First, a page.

OpaqueMail OpaqueMail

Secure .NET email library and proxy with full support for SMTP, IMAP, POP3, and S/MIME. Free and open source.

It's time for secure email

For Developers
Download the OpaqueMail .NET library.

Source code on GitHub

Version: 2.0.7
Date: 2014-11-29

Install from NuGet

Download as a zip file

Protect Your Email
Learn how to encrypt your email in
3 easy steps.


Encryption Tutorial

OpaqueMail is a free .NET e-mail library with full support for IMAP, POP3, and SMTP. It provides S/MIME message signing, encryption, and decryption to foster better e-mail security and privacy.

The library follows IETF standards, implementing all IMAP4rev1, POP3, SMTP, and S/MIME 3.2 commands plus common extensions such as IDLE. It supports MIME, Unicode, and TNEF encoding.

OpaqueMail includes a fully-featured test client that allows browsing and searching of IMAP and POP3 messages as well as sending of SMTP messages with encryption. It automatically embeds images into Text/HTML messages and strips Script tags.

It inherits from System.Net.Mail.MailMessage and System.Net.Mail.SmtpClient for simplified upgrades of existing code. OpaqueMail implements .NET 4.5 async and await.

OpaqueMail is designed to be the best .NET email library. It's thoroughly documented and optimized for security, usability, and performance.

OpaqueMail is licensed according to the MIT License. It was created by and is maintained by Bert Johnson of Bkip Inc.

Where we are and how we got here

Email was invented more than 40 years ago, before network security or privacy were common concerns. The original creators could never have predicted it would become the world's most popular communications medium.

Today, billions of people spend hours reading and composing emails every day. These range from personal messages to critical business communications. Everything travels through email, including sensitive information.

The overwhelming majority of emails are sent in "plain-text", meaning that everybody involved in sending your message can (and does) read it. And that's significantly more people than you'd expect.

The problem's even more serious when using an untrusted network, like the neighborhood coffee shop. Free tools allow anyone to snoop on unencrypted email traffic. That's unacceptable.

Whatever you have to send, an email's audience should be limited to you and the recipient. Not some technician at your ISP, not the government, and certainly not a hacker on your wifi.

The solution already exists

"Public key cryptography" (a.k.a. asymmetric encryption) is the answer to secure messaging. This is the underlying technology behind SSL and TLS, which are used for everything from banking to military security.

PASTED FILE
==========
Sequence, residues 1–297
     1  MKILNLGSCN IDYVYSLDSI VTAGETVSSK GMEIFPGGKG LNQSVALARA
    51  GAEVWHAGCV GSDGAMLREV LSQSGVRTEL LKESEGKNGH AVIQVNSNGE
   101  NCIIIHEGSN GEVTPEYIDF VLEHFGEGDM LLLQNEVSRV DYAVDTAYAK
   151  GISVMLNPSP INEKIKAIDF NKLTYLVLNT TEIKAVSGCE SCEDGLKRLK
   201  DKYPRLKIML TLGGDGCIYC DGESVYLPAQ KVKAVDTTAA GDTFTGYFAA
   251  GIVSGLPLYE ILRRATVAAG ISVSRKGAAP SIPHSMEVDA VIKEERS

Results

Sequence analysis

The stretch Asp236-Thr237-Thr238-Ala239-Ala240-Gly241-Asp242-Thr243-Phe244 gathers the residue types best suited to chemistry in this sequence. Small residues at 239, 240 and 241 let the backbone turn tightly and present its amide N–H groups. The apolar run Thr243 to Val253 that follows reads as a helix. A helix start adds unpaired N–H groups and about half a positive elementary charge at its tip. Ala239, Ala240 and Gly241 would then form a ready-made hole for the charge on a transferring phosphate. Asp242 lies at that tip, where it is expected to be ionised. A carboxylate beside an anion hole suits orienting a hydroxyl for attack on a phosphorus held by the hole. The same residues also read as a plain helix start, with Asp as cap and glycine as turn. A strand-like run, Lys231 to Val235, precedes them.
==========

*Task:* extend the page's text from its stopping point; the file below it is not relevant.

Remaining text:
Two standards have existed for mail encryption since the 1990s: S/MIME and OpenPGP. Both approaches work by encrypting email in a way that only the recipient can read. First, a "public key" is used to compose a secure message. Then, the recipient uses a "private key" (like a decoder ring) to decode the message.

Both OpenPGP and S/MIME are free, proven, and secure.

Let's fix that

The OpaqueMail project's goal is to normalize the use of email encryption. The first step is education, but we ultimately seek to make secure email the default option.

  1. Let's get the word out.

    First, spread the word about why email privacy matters and what we can do about it. We live in a critical time for defining and protecting our personal liberties online.

    We all deserve freedom of speech and confidence that our communications are secure.

  2. Let's start signing and encrypting our messages.

    It only takes a few minutes to get started.

    Check out our email encryption tutorial now. Make sure to set up encryption for all of your devices that support it and encourage your friends to do the same.

    Lead by example. And consider updating your email signature to link to http://opaquemail.org/ to spread to word.

  3. Let's create better software.

    Going forward, all mail applications should not only support S/MIME, but encourage users to default to it. It shouldn't be a hidden, arcane option limited to power users.

    To support that end, we've created a free open-source .NET email library with full S/MIME support via IMAP, POP3, and SMTP available on GitHub and NuGet. We'll share other resources for simplifying S/MIME using other programming languages.

    If there's enough community interest, we'll also create secure email clients for Windows, Mac OSX, Linux, iOS, and Android.

What's in a name?

Headlines in 2013 were dominated by "Prism", the US government's clandestine surveillance program. A prism refracts light, such as the fiber optics underlying the internet, allowing true colors to be studied individually.

"Opaque" is the opposite of "transparent", meaning that it's impenetrable to light. Opaque objects can't be refracted. OpaqueMail is resistant to Prism.

.NET email library and proxy available according to the MIT License

Project founded and maintained by Bert Johnson of Bkip Inc.

Bert at OpaqueMail dot org